Despite earlier claims and countless defenses made by World Health Organization officials, an updated timeline by the international health body shows China never self-reported the COVID-19 outbreak that led to drastic economic and health consequences across the world.
A quiet change to a timeline of COVID events in late June shows what many mainstream media outlets and government officials have denied for months: China didn’t inform the WHO about the outbreak. Instead, on December 31, “a translation of a Chinese media report about the outbreak is posted to ProMED, a U.S.-based open-access platform for early intelligence about infectious disease outbreaks,” according to a U.S. Naval Institute report.
The first inklings of the impending pandemic, and the first time the WHO heard about it, came from this U.S. report — the WHO then sent officials to investigate its validity in China the next day.
This runs contrary to a previous version of the timeline that falsely claimed on December 31: “Wuhan Municipal Health Commission, China, reported a cluster of cases of pneumonia in Wuhan, Hubei Province. A novel coronavirus was eventually identified.” This did not happen.
Rather, the updated June 30 truthful version now says that on December 31 the WHO “picked up a media report on ProMED” about the mysterious cluster of pneumonia cases in Wuhan. The new timeline admits that ProMED is run by the International Society for Infectious Diseases — a U.S. based organization headquartered in Brookline, Massachusetts.
The now-eerie Dec. 31 ProMED report says, “It is understood that the 1st patient with unexplained pneumonia that appeared in Wuhan this time came from Wuhan South China Seafood Market.”
This newly admitted information disrupts the countless defenses given by Chinese officials and allies at the WHO.
A June 4 article by China Daily said there “is no legal basis” for faulting China for the spread of the virus.
“What we’ve done is strictly obey the international rules and fulfill our international obligations,” Huang Jin, a law professor specializing in international law at China University of Political Science and Law in Beijing falsely said in the propaganda article. “For example, we took the initiative to evaluate the pandemic situation and reported it in a timely fashion to the World Health Organization as well as other countries and regions, and we also accepted inspections from the WHO.”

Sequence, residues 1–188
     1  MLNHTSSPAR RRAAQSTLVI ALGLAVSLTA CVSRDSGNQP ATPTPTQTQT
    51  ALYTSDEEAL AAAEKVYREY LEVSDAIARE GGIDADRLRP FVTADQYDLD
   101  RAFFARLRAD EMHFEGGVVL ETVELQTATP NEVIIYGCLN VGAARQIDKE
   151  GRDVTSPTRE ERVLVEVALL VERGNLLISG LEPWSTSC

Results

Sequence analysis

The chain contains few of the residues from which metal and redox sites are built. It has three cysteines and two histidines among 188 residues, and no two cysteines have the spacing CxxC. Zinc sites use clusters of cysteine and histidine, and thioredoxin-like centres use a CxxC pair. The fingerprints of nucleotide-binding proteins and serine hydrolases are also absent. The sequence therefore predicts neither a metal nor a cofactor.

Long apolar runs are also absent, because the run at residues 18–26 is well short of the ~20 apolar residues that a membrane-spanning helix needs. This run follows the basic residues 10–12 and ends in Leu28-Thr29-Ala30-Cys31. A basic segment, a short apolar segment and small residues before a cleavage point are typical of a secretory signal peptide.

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Biden to lift sanctions on China in exchange for third promise to combat fentanyl
Reportedly President Joe Biden is making deals with Chinese President Xi Jinping to help improve anti-drug trafficking measures. China is one of the top fentanyl producers and distributors, culminating in a pandemic of fentanyl overdoses and deaths in the United States.
The Biden administration will be lifting sanctions on a Chinese government ministry, in exchange for bolstering anti-drug trafficking measures, Bloomberg reported. “We’re hoping to see some progress on that issue this coming week,” National Security Advisor Jake Sullivan said Monday, according to the New York Post. “That could then open the door to further cooperation on other issues where we aren’t just managing things, but we’re actually delivering tangible results.”
The Daily Caller News Foundation noted that should a deal materialize, it will be at least the third time that China has promised to get tough on fentanyl. In 2016, China agreed to increase counter-narcotics operations, and Xi again agreed to launch a crackdown in 2018. Nonetheless, China and Mexico are “the primary source countries for fentanyl and fentanyl-related substances trafficked directly into the United States,” according to a 2020 DEA intelligence report.
“China remains the primary source of fentanyl and fentanyl-related substances trafficked through international mail and express consignment operations environment, as well as the main source for all fentanyl-related substances trafficked into the United States.”
President Joe Biden and Xi are meeting for the first time in over a year during this week’s Asia Pacific Economic Cooperation (APEC) summit in San Francisco. Sources familiar with the situation told Bloomberg that the People’s Republic of China (PRC) will crack down on Chinese companies manufacturing chemical precursors for fentanyl in exchange for the U.S. lifting sanctions on the Ministry of Public Security’s Institute of Forensic Science, which the Commerce Department added to the Entity List in 2020 for “engaging in human rights violations and abuses” in the Xinjiang Uyghur Autonomous Region.
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